‘An Extraordinary Day’: History Made As Ketanji Brown Jackson Becomes First Black Woman To Be Confirmed To United States Supreme Court

by Duke Magazine

“It’s an extraordinary day,” said Vice President Kamala Harris as she exited the Senate floor, where she presided over Ketanji Brown Jackson’s historic confirmation to the United States Supreme Court.

“I believe that putting Judge Ketanji Brown Jackson on the highest court of our land today is a very important statement about who we are as a nation.” So let us all rejoice, I believe,” Harris added, according to CNN.

The United States Supreme Court now has a Black female justice for the first time in its 233-year history, according to the Senate’s confirmation of Jackson to the nine-member bench on Thursday. The final vote was 53 to 47, with Jackson receiving backing from all 50 Democratic caucus members. According to NBC News, they were joined by Republican Senators Susan Collins of Maine, Lisa Murkowski of Alaska, and Mitt Romney of Utah.

Jackson, 51, will take over for Justice Stephen Breyer. After Breyer’s retirement in June, she will be sworn in. According to NBC News, her appointment would not upset the current 6 to 3 conservative balance on the Supreme Court.

“This is a beautiful day, a joyful day, an inspirational day for the Senate, the Supreme Court, and the United States of America,” said Senate Majority Leader Chuck Schumer, D-N.Y. “This is a watershed moment in American history.”


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During a news appearance in Delaware in June 2020, US President Joe Biden stated that if given the opportunity, he would like to appoint a Black woman to the Supreme Court. He stated in January of this year that he intends to keep his pledge. Jackson’s appointment now brings that promise to fruition.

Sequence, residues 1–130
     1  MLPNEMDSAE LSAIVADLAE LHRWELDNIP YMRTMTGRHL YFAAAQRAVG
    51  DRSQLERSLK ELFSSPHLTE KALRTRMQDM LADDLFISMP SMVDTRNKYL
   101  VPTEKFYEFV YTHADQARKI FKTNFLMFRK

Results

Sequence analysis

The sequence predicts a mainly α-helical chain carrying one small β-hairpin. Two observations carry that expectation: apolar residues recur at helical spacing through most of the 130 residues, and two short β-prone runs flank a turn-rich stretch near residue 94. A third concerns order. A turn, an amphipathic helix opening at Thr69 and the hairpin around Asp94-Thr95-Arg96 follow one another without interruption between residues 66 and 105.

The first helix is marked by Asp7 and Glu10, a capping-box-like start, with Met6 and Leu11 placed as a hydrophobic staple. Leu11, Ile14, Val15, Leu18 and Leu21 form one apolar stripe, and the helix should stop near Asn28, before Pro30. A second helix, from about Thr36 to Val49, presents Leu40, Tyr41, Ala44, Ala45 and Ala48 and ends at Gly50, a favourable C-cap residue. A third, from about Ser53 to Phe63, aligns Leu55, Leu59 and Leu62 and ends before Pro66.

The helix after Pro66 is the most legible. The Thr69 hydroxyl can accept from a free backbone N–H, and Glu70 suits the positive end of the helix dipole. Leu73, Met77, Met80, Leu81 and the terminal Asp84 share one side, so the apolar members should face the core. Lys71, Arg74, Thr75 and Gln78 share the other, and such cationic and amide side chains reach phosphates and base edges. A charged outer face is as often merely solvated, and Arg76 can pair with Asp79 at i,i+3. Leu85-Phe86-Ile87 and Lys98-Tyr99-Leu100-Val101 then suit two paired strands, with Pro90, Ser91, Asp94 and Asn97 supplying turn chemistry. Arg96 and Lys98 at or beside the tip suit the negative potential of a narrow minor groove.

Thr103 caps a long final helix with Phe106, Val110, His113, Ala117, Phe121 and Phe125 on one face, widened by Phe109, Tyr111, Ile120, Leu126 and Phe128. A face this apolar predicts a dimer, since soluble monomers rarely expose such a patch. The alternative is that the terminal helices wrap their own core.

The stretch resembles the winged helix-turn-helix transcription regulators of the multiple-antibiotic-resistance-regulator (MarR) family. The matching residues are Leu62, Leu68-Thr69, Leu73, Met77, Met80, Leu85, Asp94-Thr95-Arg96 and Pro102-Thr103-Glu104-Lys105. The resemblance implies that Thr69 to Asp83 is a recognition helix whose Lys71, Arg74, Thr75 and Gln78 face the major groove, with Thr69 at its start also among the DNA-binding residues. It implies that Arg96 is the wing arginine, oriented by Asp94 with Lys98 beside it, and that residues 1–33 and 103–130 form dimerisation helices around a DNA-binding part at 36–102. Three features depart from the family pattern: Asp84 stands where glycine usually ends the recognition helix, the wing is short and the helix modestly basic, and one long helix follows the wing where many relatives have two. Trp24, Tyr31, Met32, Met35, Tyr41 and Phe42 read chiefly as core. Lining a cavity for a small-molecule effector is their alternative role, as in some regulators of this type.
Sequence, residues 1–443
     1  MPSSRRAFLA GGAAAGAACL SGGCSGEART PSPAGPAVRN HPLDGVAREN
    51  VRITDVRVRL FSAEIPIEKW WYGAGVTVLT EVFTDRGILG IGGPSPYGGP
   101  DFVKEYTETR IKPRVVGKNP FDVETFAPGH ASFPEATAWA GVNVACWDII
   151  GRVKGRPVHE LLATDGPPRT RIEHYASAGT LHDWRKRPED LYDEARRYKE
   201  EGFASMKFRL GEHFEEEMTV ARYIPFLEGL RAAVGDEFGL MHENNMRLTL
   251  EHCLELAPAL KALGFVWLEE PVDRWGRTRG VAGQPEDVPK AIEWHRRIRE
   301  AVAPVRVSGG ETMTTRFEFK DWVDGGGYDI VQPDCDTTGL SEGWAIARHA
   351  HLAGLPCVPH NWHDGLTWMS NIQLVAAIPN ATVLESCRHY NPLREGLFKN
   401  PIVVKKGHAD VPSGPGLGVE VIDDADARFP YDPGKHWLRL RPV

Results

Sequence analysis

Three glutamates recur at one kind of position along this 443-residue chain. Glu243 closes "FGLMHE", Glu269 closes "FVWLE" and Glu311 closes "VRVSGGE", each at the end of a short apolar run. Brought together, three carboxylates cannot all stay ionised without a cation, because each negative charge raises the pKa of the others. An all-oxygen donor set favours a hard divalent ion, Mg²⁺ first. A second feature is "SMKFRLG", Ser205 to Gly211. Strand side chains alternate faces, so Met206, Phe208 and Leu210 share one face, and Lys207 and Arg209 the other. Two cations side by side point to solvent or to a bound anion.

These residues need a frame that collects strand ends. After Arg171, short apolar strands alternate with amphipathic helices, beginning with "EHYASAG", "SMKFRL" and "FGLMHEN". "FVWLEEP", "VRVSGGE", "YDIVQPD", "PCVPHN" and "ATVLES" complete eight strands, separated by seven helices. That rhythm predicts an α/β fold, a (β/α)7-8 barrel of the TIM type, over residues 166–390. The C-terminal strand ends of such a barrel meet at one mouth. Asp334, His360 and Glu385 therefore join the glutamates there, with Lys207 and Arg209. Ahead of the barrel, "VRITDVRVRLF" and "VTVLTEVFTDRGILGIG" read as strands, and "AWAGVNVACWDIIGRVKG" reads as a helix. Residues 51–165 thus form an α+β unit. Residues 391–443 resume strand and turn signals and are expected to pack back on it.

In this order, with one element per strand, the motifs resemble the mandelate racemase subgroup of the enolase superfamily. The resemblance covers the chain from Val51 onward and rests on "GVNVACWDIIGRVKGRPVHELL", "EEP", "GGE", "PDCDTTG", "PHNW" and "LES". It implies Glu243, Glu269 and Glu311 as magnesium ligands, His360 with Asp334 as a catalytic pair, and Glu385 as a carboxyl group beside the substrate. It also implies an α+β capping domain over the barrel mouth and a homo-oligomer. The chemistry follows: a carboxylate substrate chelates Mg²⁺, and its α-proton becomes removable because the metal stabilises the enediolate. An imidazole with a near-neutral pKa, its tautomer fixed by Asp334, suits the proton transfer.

Jackson is a member of the United States Court of Appeals for the District of Columbia Circuit. Her parents, both graduates of historically black colleges, raised her in Miami after she was born in Washington, DC. Jackson earned two degrees from Harvard University, one as an undergraduate and one as a law student, and she previously served as editor of the Harvard Law Review.

According to the BBC, while at Harvard, she spearheaded protests against a student who hung a Confederate flag from his dorm window.

Jackson was only recently promoted to her current job. Before this, she served as a district judge in the United States District Court for the District of Columbia from 2013 to 2021. After Merrick Garland was confirmed as Attorney General, Biden nominated her to fill Garland’s seat on the D.C. Circuit. Jackson has previously clerked for three federal judges, including Breyer from 1999 to 2000.

During the House impeachment investigation, Jackson ruled over the Trump Justice Department’s attempt to block former White House counsel Don McGahn from testifying before Congress. Jackson is married to a surgeon and has two children.

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